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I'm porting some code from Java to Scala and having problems with drawing artefacts when attempting "rubber banding" - i.e. drawing a rectangle that moves with the mouse pointer.

This was relatively simple to do in Java2D, but I'm having problems making it work in Scala/JavaFX.

I'm using Scala 2.10.2, JavaFX 2.2.0-b21 and , Java 1.7.0_06 Java HotSpot(TM) 64-Bit Server VM on OS/X 10.8.4.

graphicsContext2D.globalBlendMode = BlendMode.DIFFERENCE seems equivalent to Graphics2D.setXORMode() and it almost works, but it:

  • sometimes leaves faint traces of where the rectangle has been when filling a rectangle.
  • produces grey lines that don't undraw when stroking a rectangle unless the line width is an even integer.
  • sometimes leaves faint traces of where the rectangle has been when stroking a rectangle with a line width that is an even integer.
  • doesn't XOR properly with the background provided by the parent component.

The last item isn't what I expected, but I think I understand what it is doing (treating the undefined background in the Canvas as black, so that it XORs to white on draw, and black on undraw, even though it looked green to start with.)

This is a test case that shows the problem:

import scalafx.application.JFXApp
import scalafx.scene.Scene
import scalafx.scene.paint.Color
import scalafx.Includes._
import scalafx.scene.canvas.{GraphicsContext, Canvas}
import scalafx.scene.layout.Pane
import scalafx.scene.input._
import scalafx.geometry.Rectangle2D
import scalafx.scene.transform.Affine
import scalafx.scene.effect.BlendMode

object Dragger {
  var startX: Double = 0.0
  var startY: Double = 0.0

  var oldRectangle: Rectangle2D = null

  def mouseReleased(event: MouseEvent) {

  def mousePressed(event: MouseEvent) {
    startX = event.x
    startY = event.y

  def mouseDragged(g2: GraphicsContext, event: MouseEvent) {
    if (oldRectangle != null)
      drawRectangle(g2, oldRectangle)

    val x0 = math.min(startX, event.x)
    val y0 = math.min(startY, event.y)
    val newRectangle = new Rectangle2D(x0, y0, math.abs(event.x - startX), math.abs(event.y - startY))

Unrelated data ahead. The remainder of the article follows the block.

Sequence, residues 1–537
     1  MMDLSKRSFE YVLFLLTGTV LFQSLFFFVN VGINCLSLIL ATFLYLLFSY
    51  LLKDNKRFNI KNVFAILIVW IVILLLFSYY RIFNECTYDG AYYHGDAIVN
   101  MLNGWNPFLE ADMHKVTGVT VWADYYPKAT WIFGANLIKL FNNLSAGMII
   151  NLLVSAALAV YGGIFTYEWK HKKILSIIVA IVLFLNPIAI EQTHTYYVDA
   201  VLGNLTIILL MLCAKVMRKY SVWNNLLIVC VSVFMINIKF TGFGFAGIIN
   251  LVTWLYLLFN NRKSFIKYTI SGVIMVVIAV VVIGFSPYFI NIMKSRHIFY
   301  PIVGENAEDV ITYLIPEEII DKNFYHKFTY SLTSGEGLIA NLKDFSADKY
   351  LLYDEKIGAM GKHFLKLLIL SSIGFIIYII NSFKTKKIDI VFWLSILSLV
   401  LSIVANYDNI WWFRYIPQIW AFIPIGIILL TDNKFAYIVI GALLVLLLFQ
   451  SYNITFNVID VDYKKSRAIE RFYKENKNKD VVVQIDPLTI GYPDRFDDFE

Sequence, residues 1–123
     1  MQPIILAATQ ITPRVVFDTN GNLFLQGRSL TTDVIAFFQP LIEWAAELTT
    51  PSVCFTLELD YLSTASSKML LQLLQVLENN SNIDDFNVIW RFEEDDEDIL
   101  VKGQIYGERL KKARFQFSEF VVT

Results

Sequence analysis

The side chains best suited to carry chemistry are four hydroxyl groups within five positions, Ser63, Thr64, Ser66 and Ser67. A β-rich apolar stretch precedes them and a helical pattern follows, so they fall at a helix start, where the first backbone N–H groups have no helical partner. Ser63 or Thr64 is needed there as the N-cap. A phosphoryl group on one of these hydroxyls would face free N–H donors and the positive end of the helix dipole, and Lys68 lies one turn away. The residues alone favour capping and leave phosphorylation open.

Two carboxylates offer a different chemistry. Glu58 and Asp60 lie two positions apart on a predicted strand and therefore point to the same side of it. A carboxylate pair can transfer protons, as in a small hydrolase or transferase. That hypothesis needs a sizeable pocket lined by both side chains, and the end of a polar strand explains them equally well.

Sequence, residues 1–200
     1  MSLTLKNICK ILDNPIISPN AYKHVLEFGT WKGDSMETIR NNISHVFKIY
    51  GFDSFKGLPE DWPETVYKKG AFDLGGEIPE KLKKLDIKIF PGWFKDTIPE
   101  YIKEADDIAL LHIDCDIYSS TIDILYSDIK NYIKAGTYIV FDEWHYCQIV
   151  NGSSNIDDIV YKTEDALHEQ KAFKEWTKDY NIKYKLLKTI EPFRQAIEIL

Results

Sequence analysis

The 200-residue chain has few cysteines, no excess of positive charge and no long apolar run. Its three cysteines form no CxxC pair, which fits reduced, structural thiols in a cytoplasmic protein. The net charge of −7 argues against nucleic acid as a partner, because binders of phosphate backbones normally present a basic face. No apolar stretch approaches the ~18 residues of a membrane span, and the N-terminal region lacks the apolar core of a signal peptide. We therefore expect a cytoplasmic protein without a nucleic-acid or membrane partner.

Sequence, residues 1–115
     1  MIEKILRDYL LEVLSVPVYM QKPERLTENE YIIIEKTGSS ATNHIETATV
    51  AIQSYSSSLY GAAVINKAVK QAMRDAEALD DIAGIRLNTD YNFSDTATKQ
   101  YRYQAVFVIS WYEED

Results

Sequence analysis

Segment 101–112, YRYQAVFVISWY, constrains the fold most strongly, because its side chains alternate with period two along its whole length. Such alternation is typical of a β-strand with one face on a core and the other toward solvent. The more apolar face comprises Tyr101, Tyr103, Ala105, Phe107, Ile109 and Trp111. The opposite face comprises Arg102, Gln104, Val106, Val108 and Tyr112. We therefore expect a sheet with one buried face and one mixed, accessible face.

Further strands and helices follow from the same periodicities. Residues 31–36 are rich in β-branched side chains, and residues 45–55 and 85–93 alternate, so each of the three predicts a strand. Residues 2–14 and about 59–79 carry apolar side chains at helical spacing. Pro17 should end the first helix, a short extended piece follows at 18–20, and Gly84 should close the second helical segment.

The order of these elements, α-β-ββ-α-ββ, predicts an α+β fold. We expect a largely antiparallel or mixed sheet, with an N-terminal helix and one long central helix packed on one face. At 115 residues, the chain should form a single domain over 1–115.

drawRectangle(g2, newRectangle)

    oldRectangle = newRectangle

  def drawRectangle(g2: GraphicsContext, r: Rectangle2D) {
    //g2.strokeRect(r.minX, r.minY, r.width, r.height)        // <--- stroke instead of fill for grey lines that don't undraw
    g2.fillRect(r.minX, r.minY, r.width, r.height)

object Test extends JFXApp
  println("javafx.runtime.version: " + System.getProperties.get("javafx.runtime.version"))
  println("java.runtime.version:   " + System.getProperties.get("java.runtime.version"))

  stage = new JFXApp.PrimaryStage {
    title = "Hello Stage"
    width = 600
    height = 472
    scene = new Scene {
      fill = Color.LIGHTGREEN
      root = new Pane {
        content = new Canvas(600, 450) {
          graphicsContext2D.fillRect(4, 4, 592, 442)
          graphicsContext2D.setTransform(new Affine)
          graphicsContext2D.globalBlendMode = BlendMode.DIFFERENCE
          graphicsContext2D.setLineWidth(1)                   // <--- increase line width to 2 to fix stroked line undrawing

          onMouseDragged = (event: MouseEvent) => {
            Dragger.mouseDragged(graphicsContext2D, event)

          onDragDetected = (event: MouseEvent) => {
            //Drag complete

          onMousePressed  = (event: MouseEvent) =>  {

          onMouseReleased  = (event: MouseEvent) =>  {

This screenshot shows the problem (this is with stroking and a 2 pixel line width) after moving the mouse around repeatedly:


Any help would be greatly appreciated.

share|improve this question

You can use the JavaFX capabilities instead of doing the rectangle move your self. you can use the setTranstalteX() and setTranslateY() method of the rectangle. see Oracle example in the Ensemble Sample-->Graphics-->Transforms-->Translate. Here also the code from The Ensemble:

public class TranslateSample extends Application {

private void init(Stage primaryStage) {
    Group root = new Group();
    primaryStage.setScene(new Scene(root, 230,220));

    //create 2 rectangles with different color
    Rectangle rect1 = new Rectangle(90, 90, Color.web("#ed4b00", 0.75));
    Rectangle rect2 = new Rectangle(90, 90, Color.web("#ed4b00", 0.5));

    //translate second one

    // rectangle with adjustable translate
    Rectangle rect3 = new Rectangle(40, 130, 60, 60);

    //show the rectangles
    root.getChildren().addAll(rect2, rect1, rect3);

    //create arrow
    Polygon polygon = createArrow();


public static Polygon createArrow() {
    Polygon polygon = new Polygon(new double[]{
        7.5, 0,
        15, 15,
        10, 15,
        10, 30,
        5, 30,
        5, 15,
        0, 15


    return polygon;


public double getSampleWidth() { return 230; }

public double getSampleHeight() { return 220; }

@Override public void start(Stage primaryStage) throws Exception {
public static void main(String[] args) { launch(args); }

share|improve this answer
Thanks for the suggestion however this isn't the answer I'm looking for. The code in the question is only a small part of a larger program that draws maps based on hundreds of thousands of geometry objects. At the moment I use a Canvas rather than a Scene in order to manage the spatial indexing separately from the graphics. – richj Apr 10 '14 at 10:49

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